Jewish holidays generally commemorate historical events. Passover takes us back to the time of the Exodus from Egypt, Shavuot celebrates the day the Torah was received, and Succot commemorates either the temporary dwelling booths or the clouds of glory in the desert. Even Yom Kippur is traditionally mentioned as the day when the people of Israel received atonement for the sin of the Golden Calf, which was followed by Moses’s descent from Mount Sinai holding the second set of tablets.

However, Rosh Hashana is intrinsically different from other holidays, as the Torah does not record any historical event which occurred on that day. It is celebrated at the beginning of the seventh month from the time the nation left Egypt, which marks it as a holiday in the middle of the calendar year. It is therefore puzzling that Rosh Hashana is specifically chosen to signify the beginning of the year.

Early sources tell us that this was the day that Adam was created. Many nations have developed myths and legends regarding the creation of man. What distinguishes the divine Jewish story from the others?

In general there are two characteristics which exemplify the biblical story of creation. The first is the fact that the creation begins with one person. The sages explained that this fact was necessary, “so that man should not say to his fellow, my father is greater than your father; my mother is greater than your mother.” Arrogance and contempt toward people from other nations or from different ethnic cultures is non-existent because all humans stem from the same source. Respect is shown to all human beings for who they are.

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The second characteristic which appears in the story of creation is the belief that each person is endowed with the image of God. It is in this fashion that the Torah describes God’s instructions for the creation of man: “Let us make man in our image, after our likeness” (Genesis 1:26).

This approach has tremendous moral significance. Without elaborating on the intricate interpretations regarding the term “in the image of God,” it is evident that the inclusion of this Godly element transforms the human into a being who is elevated above the rest of creation. If a person is merely a civilized animal, then no moral demands can be made of him. If man is a creature driven by instincts alone, then we cannot require him to be responsible for his actions. However, the Torah teaches us that man is an intelligent creature with moral sensitivities and, in turn, demands that he shows these sensitivities toward others.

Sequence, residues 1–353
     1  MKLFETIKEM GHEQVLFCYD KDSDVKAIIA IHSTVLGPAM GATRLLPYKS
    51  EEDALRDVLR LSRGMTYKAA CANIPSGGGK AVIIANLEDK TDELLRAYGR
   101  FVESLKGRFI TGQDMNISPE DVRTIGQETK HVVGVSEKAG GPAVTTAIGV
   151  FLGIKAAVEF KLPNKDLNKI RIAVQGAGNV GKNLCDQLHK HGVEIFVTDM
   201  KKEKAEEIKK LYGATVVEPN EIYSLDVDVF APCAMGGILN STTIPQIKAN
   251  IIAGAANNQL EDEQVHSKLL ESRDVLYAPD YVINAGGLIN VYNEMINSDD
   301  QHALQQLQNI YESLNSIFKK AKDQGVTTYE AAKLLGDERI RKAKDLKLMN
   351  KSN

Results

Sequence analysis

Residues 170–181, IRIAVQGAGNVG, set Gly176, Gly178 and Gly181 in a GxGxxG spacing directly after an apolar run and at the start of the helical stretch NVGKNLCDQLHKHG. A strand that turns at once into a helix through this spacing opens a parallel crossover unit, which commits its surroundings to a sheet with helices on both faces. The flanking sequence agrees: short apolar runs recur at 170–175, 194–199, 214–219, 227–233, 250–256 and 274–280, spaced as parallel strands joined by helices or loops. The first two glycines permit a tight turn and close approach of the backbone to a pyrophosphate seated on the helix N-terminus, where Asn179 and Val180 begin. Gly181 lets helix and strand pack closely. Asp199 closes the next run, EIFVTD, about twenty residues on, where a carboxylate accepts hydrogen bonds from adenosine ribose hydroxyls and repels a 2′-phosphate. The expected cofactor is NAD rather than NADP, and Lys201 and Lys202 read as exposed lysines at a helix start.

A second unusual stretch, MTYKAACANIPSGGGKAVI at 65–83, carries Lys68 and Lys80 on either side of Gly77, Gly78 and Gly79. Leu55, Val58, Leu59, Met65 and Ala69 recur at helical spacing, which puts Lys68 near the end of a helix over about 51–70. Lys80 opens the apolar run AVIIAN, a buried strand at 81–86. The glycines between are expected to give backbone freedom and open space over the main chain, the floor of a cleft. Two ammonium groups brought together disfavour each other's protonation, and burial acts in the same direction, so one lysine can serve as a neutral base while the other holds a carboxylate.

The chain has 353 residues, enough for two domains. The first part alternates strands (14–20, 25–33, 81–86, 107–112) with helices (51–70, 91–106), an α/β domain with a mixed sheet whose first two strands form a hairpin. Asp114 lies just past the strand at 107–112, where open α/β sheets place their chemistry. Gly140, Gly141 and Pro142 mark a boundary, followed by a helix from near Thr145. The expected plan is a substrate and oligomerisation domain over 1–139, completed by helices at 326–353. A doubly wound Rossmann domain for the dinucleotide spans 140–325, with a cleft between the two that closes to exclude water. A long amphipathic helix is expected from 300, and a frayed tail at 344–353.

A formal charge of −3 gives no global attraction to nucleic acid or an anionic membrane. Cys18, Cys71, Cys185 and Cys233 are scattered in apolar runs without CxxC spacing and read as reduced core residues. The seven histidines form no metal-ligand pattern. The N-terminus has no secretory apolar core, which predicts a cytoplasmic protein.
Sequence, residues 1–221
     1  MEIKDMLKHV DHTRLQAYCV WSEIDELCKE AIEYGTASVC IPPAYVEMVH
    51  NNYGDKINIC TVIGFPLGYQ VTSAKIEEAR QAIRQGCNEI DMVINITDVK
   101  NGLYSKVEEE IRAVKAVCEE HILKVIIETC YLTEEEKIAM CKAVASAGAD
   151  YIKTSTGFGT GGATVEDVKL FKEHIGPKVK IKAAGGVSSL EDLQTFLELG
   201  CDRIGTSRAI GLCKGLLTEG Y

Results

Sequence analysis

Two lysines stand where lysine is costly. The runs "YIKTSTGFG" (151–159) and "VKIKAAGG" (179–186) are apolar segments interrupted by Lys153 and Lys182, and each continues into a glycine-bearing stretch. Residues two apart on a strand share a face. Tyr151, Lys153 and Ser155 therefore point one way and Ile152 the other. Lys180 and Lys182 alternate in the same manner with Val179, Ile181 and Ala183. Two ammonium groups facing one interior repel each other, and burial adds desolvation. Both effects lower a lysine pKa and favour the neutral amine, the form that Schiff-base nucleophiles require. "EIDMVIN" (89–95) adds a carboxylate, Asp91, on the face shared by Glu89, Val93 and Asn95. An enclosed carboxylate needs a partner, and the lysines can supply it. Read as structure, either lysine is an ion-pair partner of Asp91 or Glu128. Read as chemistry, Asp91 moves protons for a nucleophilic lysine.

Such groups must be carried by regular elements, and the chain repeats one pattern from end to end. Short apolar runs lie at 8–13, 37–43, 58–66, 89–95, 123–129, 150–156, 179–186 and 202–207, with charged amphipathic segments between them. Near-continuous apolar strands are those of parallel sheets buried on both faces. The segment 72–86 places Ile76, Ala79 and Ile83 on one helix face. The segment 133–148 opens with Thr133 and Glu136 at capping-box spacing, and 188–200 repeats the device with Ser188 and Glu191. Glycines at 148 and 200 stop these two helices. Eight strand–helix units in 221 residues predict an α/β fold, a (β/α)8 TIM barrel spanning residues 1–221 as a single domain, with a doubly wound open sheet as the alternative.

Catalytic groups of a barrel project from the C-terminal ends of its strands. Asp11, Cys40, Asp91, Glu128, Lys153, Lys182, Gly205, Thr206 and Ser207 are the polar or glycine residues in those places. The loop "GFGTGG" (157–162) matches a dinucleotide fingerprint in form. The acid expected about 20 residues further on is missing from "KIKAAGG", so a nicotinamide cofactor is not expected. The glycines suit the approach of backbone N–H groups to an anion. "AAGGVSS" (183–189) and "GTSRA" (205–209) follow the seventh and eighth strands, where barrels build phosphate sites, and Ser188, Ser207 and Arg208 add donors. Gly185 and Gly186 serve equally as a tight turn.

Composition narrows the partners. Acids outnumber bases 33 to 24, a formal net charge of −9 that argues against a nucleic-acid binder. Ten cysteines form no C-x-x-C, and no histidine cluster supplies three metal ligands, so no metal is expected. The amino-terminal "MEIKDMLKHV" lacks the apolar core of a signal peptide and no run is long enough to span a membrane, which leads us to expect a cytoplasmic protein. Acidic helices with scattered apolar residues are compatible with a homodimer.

This perspective gives Rosh Hashana an entirely new dimension. The Torah teaches that it was on this day, Rosh Hashana, that man was created. It is therefore on this day, that we, parallel to God, are obligated to conduct a selfanalysis for ourselves, as to what extent we live up to the required standard and functioned as proper human beings. Have we exercised our moral abilities? Have we honored our parents? Our spouses and our children? Our peers?

When we listen to the sounds of the shofar we can hear our own voices. The sound of the shofar reminds us of the approaching judgment on Yom Kippur, as well as the everyday siren of the ambulance, both of which represent situations where man’s life hangs in the balance. These voices remind us of the need to listen to ourselves and our conscience and the need to contemplate our past actions in order to make our lives more meaningful going forward.

This question of human dignity and the standard of being created in the “image of God” is perhaps the most fundamental question about our country’s existence as a Jewish state. What are we doing to ensure that immigrants from around the world feel comfortable among native Israelis? How do we educate the younger generation about patience toward others on the roads or on line at the supermarket? What efforts are we investing to ensure dignified housing for families who have devoted themselves to the protection and service of the State of Israel? How are we going to instill glorious Jewish heritage and Jewish pride in our precious youth, who often lack the most elementary knowledge of basic Jewish tradition?

Let us hope that this new year will deepen the awareness and sensitivity, between us and ourselves, between ourselves and those around us, and may we truly merit to be inscribed in the book of life.

The writer is the chairman of Tzohar Rabbis and chief rabbi of the city of Shoham.

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